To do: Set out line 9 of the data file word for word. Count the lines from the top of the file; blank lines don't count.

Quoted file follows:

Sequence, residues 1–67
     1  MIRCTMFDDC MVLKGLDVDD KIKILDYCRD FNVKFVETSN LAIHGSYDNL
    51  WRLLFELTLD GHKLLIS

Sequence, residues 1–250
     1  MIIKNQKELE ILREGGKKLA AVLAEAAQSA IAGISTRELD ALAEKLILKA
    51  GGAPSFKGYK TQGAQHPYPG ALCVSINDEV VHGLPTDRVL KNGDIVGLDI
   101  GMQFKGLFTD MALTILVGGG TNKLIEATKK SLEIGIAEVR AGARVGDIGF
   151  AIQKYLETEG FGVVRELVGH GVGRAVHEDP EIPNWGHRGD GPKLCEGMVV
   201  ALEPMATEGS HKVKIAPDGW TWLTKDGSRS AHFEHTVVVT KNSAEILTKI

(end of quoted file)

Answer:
   201  ALEPMATEGS HKVKIAPDGW TWLTKDGSRS AHFEHTVVVT KNSAEILTKI